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  • New South Wales, who had probably been the best team in the competition up to that point (and who may yet win the thing) were made to look foolish by Kieron Pollard when they should have cruised to victory. Could this be an Australian side choking?

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In honour of Umar Gul’s remarkable 5-6 yesterday (youtube here), here are four more of the best-ever T20I bowling performances:

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It’s more than a year now since I named my 11 to watch, so it’s probably time to weigh up (briefly) who’s lived up to their potential and who hasn’t:

Nasir Jamshed is still under 20, but had little chance to impress this year given Pakistan’s effective exile from international cricket; Virat Kohli made some waves, and is still well-placed for a call-up to the Indian Test side after some good ODI performances and a strong showing in domestic cricket; Tamim Iqbal has shown some promise, but Bangladesh’s continued position at the bottom of the cricketing pile has frustrated his ability to shine; Fawad Alam is probably the one that got away; Steve Davies has finally been called up to the England side, and looked good for a while when he got his chance; Adil Rashid has also won some recognition from the ECB, and will probably play Test cricket in the next year or two; Beau Casson has sunk from the international picture seemingly without trace; Sulieman Benn gave England a torrid time in the Tests and looks set to be a part of the Windies side for some time to come; Tim Southee hasn’t quite lived up to the early hype but still shows promise; Ishant Sharma continues to scare batsmen (especially Ricky Ponting) the world over; Mitchell Johnson continues to do the same to everyone that isn’t Australian.

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So, that was 2008, then. Pretty exciting, by all accounts. As for 2009, there’s quite a bit to look forward to:

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The ICC handed out their awards today, in a ceremony a bit like the Oscars, but with fewer tears and less photogenic winners:

  • Ryan ten Doeschate won Associate Player of the Year, which was nice for him as the Impressive Name Award was not included this year (and he probably would have lost out to Vernon Philander on that front anyway).
  • There were other awards, about which I am less motivated to write, which you can see here.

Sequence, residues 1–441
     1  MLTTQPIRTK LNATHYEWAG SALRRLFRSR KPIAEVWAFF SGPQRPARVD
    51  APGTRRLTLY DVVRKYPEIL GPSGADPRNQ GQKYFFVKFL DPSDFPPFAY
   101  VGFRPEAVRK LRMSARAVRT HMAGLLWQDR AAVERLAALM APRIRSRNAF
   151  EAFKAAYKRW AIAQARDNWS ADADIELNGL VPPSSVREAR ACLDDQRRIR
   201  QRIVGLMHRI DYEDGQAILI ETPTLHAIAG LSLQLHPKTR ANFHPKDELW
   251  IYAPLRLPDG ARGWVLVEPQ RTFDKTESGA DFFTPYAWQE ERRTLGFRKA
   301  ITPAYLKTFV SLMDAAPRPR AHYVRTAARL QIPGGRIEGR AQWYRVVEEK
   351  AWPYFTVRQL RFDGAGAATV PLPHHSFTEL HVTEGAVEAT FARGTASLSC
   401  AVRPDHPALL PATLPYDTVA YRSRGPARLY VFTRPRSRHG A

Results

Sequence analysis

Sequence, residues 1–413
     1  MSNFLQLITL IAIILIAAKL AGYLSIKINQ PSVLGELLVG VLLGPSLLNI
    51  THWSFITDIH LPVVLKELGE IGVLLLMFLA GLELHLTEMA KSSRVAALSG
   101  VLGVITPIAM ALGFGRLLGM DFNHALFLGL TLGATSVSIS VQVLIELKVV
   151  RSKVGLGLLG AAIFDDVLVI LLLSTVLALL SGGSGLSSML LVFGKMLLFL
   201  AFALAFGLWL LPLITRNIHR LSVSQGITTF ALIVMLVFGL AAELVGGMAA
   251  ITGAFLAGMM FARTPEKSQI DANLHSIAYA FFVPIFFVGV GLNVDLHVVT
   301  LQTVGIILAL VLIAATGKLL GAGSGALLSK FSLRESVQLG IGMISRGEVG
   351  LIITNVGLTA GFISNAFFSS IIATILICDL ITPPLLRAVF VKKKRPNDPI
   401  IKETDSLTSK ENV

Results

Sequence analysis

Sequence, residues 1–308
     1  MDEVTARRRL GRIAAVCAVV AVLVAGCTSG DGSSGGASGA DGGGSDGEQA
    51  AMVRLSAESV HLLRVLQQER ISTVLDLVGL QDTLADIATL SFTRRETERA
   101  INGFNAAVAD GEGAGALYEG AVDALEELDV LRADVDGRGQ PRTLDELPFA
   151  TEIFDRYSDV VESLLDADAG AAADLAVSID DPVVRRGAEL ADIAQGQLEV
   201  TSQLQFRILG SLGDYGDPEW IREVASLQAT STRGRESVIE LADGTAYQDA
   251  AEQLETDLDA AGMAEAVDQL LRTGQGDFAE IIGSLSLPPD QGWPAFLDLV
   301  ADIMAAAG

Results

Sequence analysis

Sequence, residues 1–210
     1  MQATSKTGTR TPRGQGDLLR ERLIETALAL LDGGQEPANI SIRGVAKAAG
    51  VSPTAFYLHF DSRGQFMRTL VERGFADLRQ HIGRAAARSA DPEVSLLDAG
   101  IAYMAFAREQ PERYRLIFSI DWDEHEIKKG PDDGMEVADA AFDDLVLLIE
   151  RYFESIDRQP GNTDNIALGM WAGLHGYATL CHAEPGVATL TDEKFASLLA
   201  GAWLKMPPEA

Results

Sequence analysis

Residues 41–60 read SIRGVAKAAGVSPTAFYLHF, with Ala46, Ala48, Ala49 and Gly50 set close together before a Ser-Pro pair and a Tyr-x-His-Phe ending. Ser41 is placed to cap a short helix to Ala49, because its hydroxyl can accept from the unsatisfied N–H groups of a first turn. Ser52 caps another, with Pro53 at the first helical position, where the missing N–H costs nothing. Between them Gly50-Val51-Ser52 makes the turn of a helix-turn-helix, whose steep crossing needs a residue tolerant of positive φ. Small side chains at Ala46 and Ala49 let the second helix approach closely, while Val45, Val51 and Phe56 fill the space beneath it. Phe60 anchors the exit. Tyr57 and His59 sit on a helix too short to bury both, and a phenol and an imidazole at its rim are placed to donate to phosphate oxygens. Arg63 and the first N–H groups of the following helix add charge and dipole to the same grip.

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More cult figures, this time from A Land Down Under:

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Another batch of cult heroes, this time of the umpiring variety:

  • Billy Bowden is also well known for his occasionally eccentric behaviour on the pitch, with his unique signals, especially the infamous crooked finger. The fact that a flamboyant character such as Bowden can still officiate at the highest level brings a smile to the face on a regular basis.

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It’s been four months since I plucked these eleven young cricketers from various levels of obscurity and cursed them with the tag ‘ones to watch’. How have they been getting on?

  • Tamim Iqbal is over in England at the moment with Bangladesh A, but there hasn’t been much news of him recently. Hopefully there will be more to report soon.
  • Sulieman Benn has overcome the apparent West Indian anti-spin bias to show some promise whilst going for quite a lot of runs, but he needs to play more cricket against sides that aren’t Australia before he can be properly assessed.

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More cult figures, this time from Pakistan. These ones are all top-class players as well (sort of):

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This is the first in a very occasional series (in no way stolen from the BBC) looking at cult heroes from various cricketing nations. The criteria for selection are entirely made up and subject to change at any time.

  • Ronnie Irani is another player known more in some quarters for his sense of humour than his cricketing achievements. Perhaps remembered best as an England player for making 53 and taking 5-26 in the same match against India, Irani only played in three Test matches, but his transition from Lancashire lad to ‘Mr Essex‘ cemented a loyal following in the South-East (as well as, like Tufnell, a burgeoning media career).

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Normally, I might consider it a little impetuous to review a competition a mere two weeks in, but this is 20/20 cricket, where speed, noise and aggression are everything. I feel qualified to offer at least one of those.

So who is right about the IPL? The naysayers (and there are plenty), the cheerleaders (not those ones), or the John Davidsons? Here are some points that I’d like to make:

  • The boundaries arms race is threatening to make bowlers little more of an attraction than the umpires. This provides a great opportunity for world-class bowlers to show their quality, but also for youngsters to innovate, as anyone going for less than eight an over will probably be hailed as some sort of genius

I have plenty more to say on the IPL, but for now I’ll just say that whatever the merits and weaknesses of the format, I’m still watching…

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